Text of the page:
Simon Rattle to leave the London Symphony Orchestra for the Bavarian Radio Symphony Orchestra

The British conductor is set to return to Germany, where he was based with the Berlin Philharmonic until he took up the post as music director of the LSO in 2017

EDINBURGH, SCOTLAND - [11 August]: Sir Simon Rattle conducts the LSO playing Mahler Symphony No9 at The Usher Hall as part of the Edinburgh International Festival 2018 on August 11, 2018 in Edinburgh, Scotland. (Photo by Robbie Jack/Corbis via Getty Images)

Simon Rattle has been confirmed as Mariss Janson’s successor as the next chief conductor of the Bavarian Radio Symphony Orchestra in Munich from the beginning of the 2023/24 season.

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Rattle will be leaving his post as music director of the London Symphony Orchestra in 2023, after six years with the British orchestra, which he joined in 2017, replacing Valery Gergiev. The LSO has today announced the extension of his contract until 2023, at which point he will take on a lifetime role with the LSO as conductor emeritus, the first person to be appointed to this role since André Previn in 2016.

The British conductor has signed an initial five-year contract with the Bavarian Radio Symphony Orchestra and Chorus, effective from the 2023/24 concert season.

Simon Rattle signs contract with the Bavarian Radio Symphony Orchestra

The orchestra hope to collaborate with Rattle on Bavaria’s project to build a new concert hall with first-class acoustics and a space to launch music education projects.

In taking on the role with the BRSO, Rattle follows in the footsteps of Colin Davis, Lorin Maazel and Rafael Kubelík, as well as the orchestra’s most recent chief conductor Mariss Jansons, who died in December 2019.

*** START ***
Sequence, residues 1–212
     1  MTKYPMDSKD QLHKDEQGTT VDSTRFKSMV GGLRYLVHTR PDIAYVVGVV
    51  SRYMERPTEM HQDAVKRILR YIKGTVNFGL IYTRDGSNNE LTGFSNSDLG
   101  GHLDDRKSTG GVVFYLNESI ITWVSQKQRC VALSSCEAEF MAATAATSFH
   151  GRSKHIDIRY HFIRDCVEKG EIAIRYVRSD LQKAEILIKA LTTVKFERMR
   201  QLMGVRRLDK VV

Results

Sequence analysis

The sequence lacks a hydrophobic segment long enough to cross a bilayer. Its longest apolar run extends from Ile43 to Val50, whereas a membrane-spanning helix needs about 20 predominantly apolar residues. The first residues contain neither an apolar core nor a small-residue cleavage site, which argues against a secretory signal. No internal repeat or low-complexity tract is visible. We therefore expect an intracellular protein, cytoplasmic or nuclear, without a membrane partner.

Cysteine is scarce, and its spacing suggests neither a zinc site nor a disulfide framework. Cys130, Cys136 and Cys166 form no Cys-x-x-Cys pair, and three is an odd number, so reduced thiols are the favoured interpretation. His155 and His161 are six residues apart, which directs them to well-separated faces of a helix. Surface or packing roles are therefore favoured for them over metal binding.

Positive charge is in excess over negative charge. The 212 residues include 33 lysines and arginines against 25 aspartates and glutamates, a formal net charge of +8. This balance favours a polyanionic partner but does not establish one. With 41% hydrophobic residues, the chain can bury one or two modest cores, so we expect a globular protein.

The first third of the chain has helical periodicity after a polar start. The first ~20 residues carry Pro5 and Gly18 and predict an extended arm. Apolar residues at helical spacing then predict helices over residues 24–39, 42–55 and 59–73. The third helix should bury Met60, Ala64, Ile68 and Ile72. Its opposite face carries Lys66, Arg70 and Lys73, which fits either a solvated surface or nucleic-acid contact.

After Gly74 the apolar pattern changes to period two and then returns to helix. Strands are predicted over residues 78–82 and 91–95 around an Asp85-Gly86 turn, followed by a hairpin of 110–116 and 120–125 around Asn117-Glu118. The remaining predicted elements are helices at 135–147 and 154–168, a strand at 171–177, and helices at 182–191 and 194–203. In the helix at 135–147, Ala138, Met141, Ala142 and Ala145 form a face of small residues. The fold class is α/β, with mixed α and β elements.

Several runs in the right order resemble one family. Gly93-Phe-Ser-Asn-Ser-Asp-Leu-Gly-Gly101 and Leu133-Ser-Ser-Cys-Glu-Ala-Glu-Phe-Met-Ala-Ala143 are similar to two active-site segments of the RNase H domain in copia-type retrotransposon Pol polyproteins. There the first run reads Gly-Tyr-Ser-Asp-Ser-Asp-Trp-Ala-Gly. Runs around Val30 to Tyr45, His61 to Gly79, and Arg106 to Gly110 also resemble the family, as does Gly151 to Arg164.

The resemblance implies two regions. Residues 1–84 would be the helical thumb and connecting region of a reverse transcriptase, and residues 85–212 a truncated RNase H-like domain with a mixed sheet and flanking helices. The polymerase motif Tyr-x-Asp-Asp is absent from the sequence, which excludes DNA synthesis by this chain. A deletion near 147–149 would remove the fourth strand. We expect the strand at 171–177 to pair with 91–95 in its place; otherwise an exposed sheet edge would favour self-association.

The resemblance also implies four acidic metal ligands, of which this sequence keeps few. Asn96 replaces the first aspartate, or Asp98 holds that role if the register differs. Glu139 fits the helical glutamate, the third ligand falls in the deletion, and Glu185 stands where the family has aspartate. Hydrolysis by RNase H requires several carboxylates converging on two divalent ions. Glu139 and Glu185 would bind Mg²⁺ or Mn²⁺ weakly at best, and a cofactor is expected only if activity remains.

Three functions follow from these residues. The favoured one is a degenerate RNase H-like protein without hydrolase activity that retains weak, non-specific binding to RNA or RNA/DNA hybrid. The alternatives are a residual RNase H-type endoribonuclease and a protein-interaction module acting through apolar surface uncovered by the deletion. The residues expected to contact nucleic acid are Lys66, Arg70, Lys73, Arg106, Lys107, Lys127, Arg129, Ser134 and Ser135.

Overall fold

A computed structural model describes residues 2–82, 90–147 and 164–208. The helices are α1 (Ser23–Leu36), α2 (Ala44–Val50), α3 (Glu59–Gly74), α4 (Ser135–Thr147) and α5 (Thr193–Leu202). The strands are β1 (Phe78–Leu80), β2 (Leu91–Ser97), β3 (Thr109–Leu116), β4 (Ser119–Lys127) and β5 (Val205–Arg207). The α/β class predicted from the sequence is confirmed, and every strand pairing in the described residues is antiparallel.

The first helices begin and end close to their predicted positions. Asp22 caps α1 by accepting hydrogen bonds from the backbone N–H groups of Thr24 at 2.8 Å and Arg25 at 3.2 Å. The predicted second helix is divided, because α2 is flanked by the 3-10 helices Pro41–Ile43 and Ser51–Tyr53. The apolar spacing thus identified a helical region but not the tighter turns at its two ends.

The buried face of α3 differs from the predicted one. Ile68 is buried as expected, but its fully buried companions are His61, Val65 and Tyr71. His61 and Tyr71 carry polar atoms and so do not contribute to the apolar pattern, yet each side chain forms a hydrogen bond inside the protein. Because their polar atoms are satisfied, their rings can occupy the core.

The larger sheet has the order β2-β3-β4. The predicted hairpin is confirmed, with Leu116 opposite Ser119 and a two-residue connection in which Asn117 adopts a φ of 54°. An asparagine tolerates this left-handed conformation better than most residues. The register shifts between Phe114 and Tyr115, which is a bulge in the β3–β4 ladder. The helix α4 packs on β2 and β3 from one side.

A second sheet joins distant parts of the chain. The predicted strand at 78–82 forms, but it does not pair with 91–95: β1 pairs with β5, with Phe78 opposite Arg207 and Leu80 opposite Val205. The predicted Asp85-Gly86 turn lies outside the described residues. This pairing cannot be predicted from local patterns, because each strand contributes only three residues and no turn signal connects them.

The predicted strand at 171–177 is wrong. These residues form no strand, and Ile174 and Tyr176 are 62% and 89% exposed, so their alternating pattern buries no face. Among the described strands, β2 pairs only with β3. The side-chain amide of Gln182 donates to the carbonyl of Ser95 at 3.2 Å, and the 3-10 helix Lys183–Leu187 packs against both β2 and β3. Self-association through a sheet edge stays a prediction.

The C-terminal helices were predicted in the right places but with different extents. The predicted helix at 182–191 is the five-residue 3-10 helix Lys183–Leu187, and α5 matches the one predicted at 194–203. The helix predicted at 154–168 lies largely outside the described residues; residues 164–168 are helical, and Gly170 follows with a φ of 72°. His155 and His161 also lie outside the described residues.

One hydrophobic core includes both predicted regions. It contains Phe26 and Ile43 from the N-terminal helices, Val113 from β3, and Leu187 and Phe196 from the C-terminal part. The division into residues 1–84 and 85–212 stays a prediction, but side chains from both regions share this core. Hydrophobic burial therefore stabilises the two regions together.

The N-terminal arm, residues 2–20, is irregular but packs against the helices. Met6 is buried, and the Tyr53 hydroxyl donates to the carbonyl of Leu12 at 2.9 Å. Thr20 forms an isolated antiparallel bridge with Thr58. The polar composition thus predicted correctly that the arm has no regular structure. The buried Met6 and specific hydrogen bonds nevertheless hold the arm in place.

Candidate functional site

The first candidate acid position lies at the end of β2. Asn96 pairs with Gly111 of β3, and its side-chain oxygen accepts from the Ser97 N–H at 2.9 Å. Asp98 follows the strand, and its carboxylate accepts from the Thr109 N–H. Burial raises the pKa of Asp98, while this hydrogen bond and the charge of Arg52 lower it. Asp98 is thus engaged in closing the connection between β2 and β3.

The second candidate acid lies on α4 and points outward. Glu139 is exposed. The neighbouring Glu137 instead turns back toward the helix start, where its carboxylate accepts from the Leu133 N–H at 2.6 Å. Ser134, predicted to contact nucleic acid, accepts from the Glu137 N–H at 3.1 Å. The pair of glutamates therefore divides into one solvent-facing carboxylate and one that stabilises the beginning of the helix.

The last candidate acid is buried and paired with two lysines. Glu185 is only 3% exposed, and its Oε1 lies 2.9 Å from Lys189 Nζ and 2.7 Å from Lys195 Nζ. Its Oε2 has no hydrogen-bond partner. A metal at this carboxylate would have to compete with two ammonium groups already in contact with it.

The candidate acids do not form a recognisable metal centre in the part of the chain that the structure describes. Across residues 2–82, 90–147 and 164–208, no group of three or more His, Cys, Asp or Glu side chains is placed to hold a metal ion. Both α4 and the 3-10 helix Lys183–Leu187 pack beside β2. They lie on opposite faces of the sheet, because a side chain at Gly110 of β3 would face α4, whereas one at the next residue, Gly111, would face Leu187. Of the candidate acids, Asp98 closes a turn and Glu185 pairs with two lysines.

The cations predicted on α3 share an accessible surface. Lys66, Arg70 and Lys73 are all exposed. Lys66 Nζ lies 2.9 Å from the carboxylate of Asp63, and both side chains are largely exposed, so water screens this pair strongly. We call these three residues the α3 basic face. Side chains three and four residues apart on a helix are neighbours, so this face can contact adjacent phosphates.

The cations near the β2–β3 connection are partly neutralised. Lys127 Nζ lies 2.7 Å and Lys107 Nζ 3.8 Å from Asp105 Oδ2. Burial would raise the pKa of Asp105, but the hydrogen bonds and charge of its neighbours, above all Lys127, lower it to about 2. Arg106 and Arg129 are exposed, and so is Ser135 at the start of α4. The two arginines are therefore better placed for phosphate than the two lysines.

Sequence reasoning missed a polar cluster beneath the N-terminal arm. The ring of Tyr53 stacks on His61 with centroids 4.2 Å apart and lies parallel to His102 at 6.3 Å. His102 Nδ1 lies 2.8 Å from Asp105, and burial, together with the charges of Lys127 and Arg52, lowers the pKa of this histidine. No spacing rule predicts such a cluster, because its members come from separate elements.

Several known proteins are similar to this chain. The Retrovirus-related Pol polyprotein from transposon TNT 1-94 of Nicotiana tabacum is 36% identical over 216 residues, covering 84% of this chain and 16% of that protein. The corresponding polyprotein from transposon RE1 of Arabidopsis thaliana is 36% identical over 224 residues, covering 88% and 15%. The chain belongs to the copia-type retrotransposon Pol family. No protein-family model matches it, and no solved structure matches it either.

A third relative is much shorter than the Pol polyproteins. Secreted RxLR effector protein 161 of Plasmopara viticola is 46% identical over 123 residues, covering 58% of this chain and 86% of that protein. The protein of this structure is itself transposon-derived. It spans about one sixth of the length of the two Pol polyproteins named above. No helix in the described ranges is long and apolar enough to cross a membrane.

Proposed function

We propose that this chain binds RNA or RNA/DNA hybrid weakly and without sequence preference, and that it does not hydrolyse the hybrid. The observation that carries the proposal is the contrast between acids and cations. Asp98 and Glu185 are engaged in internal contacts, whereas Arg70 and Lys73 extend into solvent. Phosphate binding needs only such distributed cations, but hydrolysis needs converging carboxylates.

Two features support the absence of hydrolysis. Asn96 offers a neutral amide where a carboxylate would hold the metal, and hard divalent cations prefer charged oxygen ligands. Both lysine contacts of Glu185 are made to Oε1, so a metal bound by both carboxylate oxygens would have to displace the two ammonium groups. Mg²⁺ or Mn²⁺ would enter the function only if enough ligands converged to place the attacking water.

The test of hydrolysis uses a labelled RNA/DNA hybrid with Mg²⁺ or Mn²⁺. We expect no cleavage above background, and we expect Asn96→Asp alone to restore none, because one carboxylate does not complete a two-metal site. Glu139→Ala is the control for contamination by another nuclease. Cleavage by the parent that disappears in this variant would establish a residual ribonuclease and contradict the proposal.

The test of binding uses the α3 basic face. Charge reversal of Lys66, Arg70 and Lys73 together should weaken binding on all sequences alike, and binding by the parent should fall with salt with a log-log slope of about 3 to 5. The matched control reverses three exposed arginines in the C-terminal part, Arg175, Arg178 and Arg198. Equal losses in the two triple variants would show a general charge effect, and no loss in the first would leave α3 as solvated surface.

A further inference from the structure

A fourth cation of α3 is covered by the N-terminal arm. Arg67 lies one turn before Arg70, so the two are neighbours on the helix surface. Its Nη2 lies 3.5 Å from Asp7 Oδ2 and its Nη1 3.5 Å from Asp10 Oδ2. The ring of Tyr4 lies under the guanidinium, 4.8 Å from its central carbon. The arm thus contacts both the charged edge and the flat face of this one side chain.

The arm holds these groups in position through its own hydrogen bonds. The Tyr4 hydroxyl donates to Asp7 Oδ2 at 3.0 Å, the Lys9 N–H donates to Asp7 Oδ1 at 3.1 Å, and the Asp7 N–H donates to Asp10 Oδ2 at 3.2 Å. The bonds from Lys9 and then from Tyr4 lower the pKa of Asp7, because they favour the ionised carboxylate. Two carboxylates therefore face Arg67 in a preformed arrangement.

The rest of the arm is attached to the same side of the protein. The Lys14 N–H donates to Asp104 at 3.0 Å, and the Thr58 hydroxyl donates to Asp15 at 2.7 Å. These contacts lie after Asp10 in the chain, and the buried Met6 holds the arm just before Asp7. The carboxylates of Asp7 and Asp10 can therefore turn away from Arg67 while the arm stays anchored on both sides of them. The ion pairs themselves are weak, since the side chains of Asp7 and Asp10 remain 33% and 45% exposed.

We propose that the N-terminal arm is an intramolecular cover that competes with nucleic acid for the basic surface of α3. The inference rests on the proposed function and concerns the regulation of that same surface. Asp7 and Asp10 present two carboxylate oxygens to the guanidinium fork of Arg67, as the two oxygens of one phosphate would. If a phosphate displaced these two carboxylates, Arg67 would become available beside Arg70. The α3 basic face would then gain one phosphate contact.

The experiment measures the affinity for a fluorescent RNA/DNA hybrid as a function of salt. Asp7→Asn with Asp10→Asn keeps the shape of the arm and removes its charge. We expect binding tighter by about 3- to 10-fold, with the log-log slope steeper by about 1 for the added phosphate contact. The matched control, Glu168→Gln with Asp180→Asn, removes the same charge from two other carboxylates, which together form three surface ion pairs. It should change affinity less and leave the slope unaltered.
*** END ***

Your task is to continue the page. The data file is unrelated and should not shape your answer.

The news was revealed by The Times earlier this morning, in which chief music critic and BBC Music Magazine columnist Richard Morrison speculated that Rattle would return to Germany, where he has lived throughout his tenure with the LSO with his wife, the mezzo-soprano Magdalena Kožená.

‘My reasons for accepting the role of Chief Conductor in Munich are entirely personal, enabling me to better manage the balance of my work and be close enough to home to be present for my children in a meaningful way,’ says Rattle.

The Liverpool-born conductor rose to fame during the 1980s, when, at just 25 years old, he became music director of the City of Birmingham Symphony Orchestra, an ensemble he is celebrated as having transformed during his 18-year tenure. In 2002, he became the first British principal conductor of the Berlin Philharmonic. He remained with the German orchestra for 16 years, before handing over to Kirill Petrenko. We named the Berlin Philharmonic, the London Symphony Orchestra and the Bavarian Radio Symphony Orchestra in our list of the best orchestras in the world.

There was much excitement around his return to the UK in 2017 to join the London Symphony Orchestra. His inaugural season, This is Rattle, was seen as heralding a new era for the Barbican-based orchestra and received widespread critical acclaim.

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